Anxiety (L/D box, EPM, Porsolt forced swim test, Table 3): all groups increased their number of transitions between the light and dark compartment of the L/D box from the first to the second 5 min period of observation (P < 0.0001). There was an overall intergroup difference (P = 0.032). The group difference was not significant during the first 5 min (P = 0.19), but MIS mice performed significantly more transitions during the second period (P = 0.005). The time in the light zone decreased in all groups, accordingly with increased visits to the dark box, however, comparisons between groups did not show significant changes (P = 0.172), as was the case with the frequency of rearing either in the light or dark box. In the EPM tests, MIS-housed animals did not show any difference in the time spent or the number of visits to the various corridor arms (either in absolute or relative frequency). All three groups revealed similar reactions to the Porsolt forced swim test. The absence of difference in the EPM test in MIS animals may exclude anxiety level differences.

Exploration (open field test, Table 3): animals of all groups visited the various zones of the open field similarly, as shown by the absence of difference in the duration of presence in the various zones. On the other hand, there was an overall tendency for the MIS group to be more active as shown by the total distance moved (P = 0.053), the frequency of moving (P = 0.028) and the frequency of rearing (P = 0.04) in the arena of the test device (i.e., increased activity in the peripheral or intermediate zones (P = 0.03; 0.03; 0.005, for distance moved, frequency of moving and rearing, respectively), but not in the centre area (P = 0.36; 0.11; 0.33 for distance moved, frequency of moving and rearing, respectively). The absence of difference in the use of the centre area therefore suggest that also here the differences observed in MIS-housed animals may result from an increased motor behaviour rather than a change in anxiety levels.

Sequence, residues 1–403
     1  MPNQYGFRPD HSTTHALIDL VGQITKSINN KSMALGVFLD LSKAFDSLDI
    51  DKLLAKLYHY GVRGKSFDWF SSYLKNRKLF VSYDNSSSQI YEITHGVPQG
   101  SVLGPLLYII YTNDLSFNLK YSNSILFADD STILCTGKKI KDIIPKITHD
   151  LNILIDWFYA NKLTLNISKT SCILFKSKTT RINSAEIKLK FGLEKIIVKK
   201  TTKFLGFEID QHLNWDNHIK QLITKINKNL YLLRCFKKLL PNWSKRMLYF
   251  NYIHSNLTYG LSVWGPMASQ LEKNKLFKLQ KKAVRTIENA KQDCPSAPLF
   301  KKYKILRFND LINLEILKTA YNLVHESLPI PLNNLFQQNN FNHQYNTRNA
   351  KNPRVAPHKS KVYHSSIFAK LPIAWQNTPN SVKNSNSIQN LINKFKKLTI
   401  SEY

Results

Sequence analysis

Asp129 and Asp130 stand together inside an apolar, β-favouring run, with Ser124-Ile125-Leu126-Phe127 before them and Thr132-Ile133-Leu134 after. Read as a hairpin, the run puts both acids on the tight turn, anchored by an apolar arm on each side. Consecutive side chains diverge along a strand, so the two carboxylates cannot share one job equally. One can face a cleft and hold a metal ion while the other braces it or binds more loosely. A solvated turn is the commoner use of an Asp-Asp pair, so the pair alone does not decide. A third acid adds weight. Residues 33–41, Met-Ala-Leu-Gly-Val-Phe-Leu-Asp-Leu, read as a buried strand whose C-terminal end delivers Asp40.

Learning and memory (learning avoidance test, T-maze alternation, Table 3): the three animal groups did not differ in the avoidance learning test (P = 0.186). They showed a stable level of alternation in the T-maze over the 2 days of testing. There was an overall group effect (P = 0.041), due to a lower spontaneous alternation in the IVC and IVCR groups, whereas the rate of alternation in MIS was consistent with the measures commonly obtained in mice housed in standardised cages.

Aggressiveness (Table 3): the frequency of offensive, defensive and self comfort behaviours were recorded during dyadic encounters and compared with either MIS, IVC or IVCR mice. Thus, during encounters the MIS mice showed more frequent offensive (P = 0.003) and self comfort behaviours (P = 0.001) as compared to IVC or IVCR mice encounters.

Discussion

Space flight experimentation with sufficient numbers of small rodents (mice) is a necessary prerequisite for a better understanding of the still incompletely understood gravitational input on the vertebrate body system on Earth and for investigation of the microgravity-induced body changes or risk assessment of long distance Space explorations with human astronauts in future missions (Moon, Mars). The technical constraints of spaceflight, such as payload and energetic needs, impose strong limitations in the life support design, e.g., in terms of floor size and impoverished environment of animal housing systems designed for spaceflight. These limitations are likely susceptible to affect animal physiology or behaviour and need to be investigated in more details. The use of special housing systems in real spaceflight might produce artefacts in several biological measures that may likely be generated by the unique animal habitat rather than by microgravity itself thus mimicking false positive or negative results which may clearly interfere with the scientific outcome. In order to investigate and compare both expected as well as unexpected limitations in the scientific evaluation of structural and physiological measures of C57 wild-type mice housed in small cages such as those designed for, e.g., microgravity research, animals housed in three prototypical MIS cages with fully controlled life support technology were compared with age-matched male animals housed in parallel in standard area IVC and/or reduced area IVCR cages connected to a custom made climatic system. The C57 Bl/6 mouse strain provides one basis for several genetically modified mouse models including transgenic and knock-out mice in many laboratories (Austin et al. 2004; Kallnik et al. 2007) that also may be used for future experimentation on biosatellites. Similar scenarios of multidisciplinary research protocols designed for the present study provide the ultimate basis for Space Life Sciences Research in terms of, e.g., “ground-based” controls on Earth for future spaceflight missions using biosatellites or the ESA Columbus docking module of the ISS (since 2007).